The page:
I was disenchanted with the industry long before the Loud deal. [Darc Mind was signed to Loud/RCA before Loud folded.] At the time, signing and executing the deal was almost like closure to many past mighty and vain efforts to buss-off...There was never a time when I thought the industry was too corrupt to fuck with. As corrupted as I am, who am I to judge? I have my opinions, I put ‘em in verse. I put ‘em on tracks. If you feel me, I got others for you. If not, I can eat. I’m no crusader. Unless it pushes the agenda of hyped verse on dope tracks.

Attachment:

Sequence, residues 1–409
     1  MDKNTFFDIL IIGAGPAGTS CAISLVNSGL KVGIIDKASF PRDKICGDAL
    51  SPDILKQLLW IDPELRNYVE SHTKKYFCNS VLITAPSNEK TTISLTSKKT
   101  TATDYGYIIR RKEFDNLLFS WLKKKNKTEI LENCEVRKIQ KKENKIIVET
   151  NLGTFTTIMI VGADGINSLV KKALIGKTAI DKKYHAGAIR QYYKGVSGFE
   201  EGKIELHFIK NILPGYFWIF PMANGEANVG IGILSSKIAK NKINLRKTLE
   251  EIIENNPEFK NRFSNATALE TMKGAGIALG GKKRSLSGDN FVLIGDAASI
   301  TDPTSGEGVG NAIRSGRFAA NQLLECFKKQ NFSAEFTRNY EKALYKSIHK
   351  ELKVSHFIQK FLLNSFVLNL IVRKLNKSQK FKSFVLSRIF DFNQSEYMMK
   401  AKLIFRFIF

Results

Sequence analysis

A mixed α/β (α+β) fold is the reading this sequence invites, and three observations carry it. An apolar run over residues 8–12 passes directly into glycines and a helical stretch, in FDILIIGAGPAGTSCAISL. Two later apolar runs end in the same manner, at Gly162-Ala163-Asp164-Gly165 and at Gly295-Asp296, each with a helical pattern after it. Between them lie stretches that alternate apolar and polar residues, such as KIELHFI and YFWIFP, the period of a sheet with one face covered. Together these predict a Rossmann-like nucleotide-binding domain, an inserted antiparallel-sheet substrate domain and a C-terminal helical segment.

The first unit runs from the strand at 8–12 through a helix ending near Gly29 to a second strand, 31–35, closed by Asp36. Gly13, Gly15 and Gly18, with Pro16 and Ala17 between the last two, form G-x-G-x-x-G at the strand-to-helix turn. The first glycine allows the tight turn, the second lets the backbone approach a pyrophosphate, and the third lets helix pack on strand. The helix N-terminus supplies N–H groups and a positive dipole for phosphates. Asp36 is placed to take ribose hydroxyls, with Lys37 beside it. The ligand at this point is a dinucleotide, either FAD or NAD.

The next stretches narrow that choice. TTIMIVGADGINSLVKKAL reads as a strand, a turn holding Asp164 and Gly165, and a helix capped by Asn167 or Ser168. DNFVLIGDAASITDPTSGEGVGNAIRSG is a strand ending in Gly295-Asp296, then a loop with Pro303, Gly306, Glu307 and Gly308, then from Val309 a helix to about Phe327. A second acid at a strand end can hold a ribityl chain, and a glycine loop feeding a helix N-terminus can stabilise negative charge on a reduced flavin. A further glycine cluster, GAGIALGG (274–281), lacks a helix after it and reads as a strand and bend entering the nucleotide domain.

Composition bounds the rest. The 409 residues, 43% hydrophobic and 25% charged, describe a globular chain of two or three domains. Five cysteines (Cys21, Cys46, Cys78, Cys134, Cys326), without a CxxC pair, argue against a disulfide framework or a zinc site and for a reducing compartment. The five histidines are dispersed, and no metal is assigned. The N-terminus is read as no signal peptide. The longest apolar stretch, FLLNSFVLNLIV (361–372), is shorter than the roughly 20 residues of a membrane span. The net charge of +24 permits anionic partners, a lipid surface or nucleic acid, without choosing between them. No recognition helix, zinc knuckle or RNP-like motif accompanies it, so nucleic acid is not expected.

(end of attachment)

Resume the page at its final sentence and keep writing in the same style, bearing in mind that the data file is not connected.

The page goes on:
After all, Darc Mind has breathed rap since its inception, since its waking cries, and is bluntly committed to straight-up hip-hop. Kevroc cites early 80’s neighborhood emcee KK Rockwell of the Funky 4 Plus One More as "the first MC whose lyrical fund and ‘novelty’ stood out to me" and adds that, "speaking metaphorically, I was basically a shorty sitting on the front stoop of my house, on my block, as Hip-Hop happened right in front of me." Asked whether repping Long Island gave Darc Mind a creative distance from the trends circulating through the rest of the city--a distance that seems to have promoted innovation, from Rakim, P.E., and JVC Force to De La--Kevroc replies, "Nah, I wouldn’t call it a ‘distance,’ but rather a ‘hunger’ from a peripheral vantage point." He continues, Living on the outskirts of the NYC, in a way, for me was better. At that time hip-hop emanated from a nucleus of Manhattan (Harlem and the Lower East Side block parties primarily), the Bronx (battles, blockparties and park shows) and then Queens and Brooklyn (battles, block parties and showcases) with Staten and Strong Island (battles, block parties and showcases) rounding everything off. Being ‘outside lookin’ in’, so to speak, made me privy to more than just what was happening on the ‘fertile crescent’. He concludes with a suspicious nod to the seeming authenticity-by-proximity for which so many NYC rappers have strove: "Lastly, the borough niggas claim is not always the borough from where nigga’s hale." And the beats--oh, the beats--ground this insider/outsider sense of the tradition. Like a shadowy take on DITC at its prime, a treasure chest of horns, vibes, and pianos are taken in, ruggedly reworked, and laid in with full-bodied basslines and chopped drum breaks. Darc Mind’s DJ/Producer GM Webb D (aka X-Ray) released his first rap artist in ’89, and in the span from the fractured, unsettling "I’m Ill" to the horn stab and drum machine-driven "Fever Pitch," which could almost be lifted from P.E.’s cacophonous first album, one can almost hear rap’s history and its future being willfully crosscut and interlaced. One last thought, clearly removed from Darc Mind’s own take on their work... And in fact, I asked Kevroc if he considered Symptomatic as a part of the distinguished tradition of Saafir’s "Boxcar Sessions," Organized’s "Extinction Agenda," and Ultra’s "Four Horseman," and he replied, with all due humility, "In truth... it would take those brothers you mentioned to confirm or deny, at least for me, whether or not I belong in that pantheon of reference." My thought, in the form of an unanswerable question, is this: if Loud had released Darc Mind’s album as planned, and if it had found its audience, could it have given heart to those who were convinced that rap had aesthetic depths untouched by the currents of the era, to those innovators who essentially gave up in the mid-90’s, skeptical and exhausted? Is this a artist that, given rap’s shifting grounds of the mid-to-late ’90’s, should have but could not have been released? -pedestrian, 4/06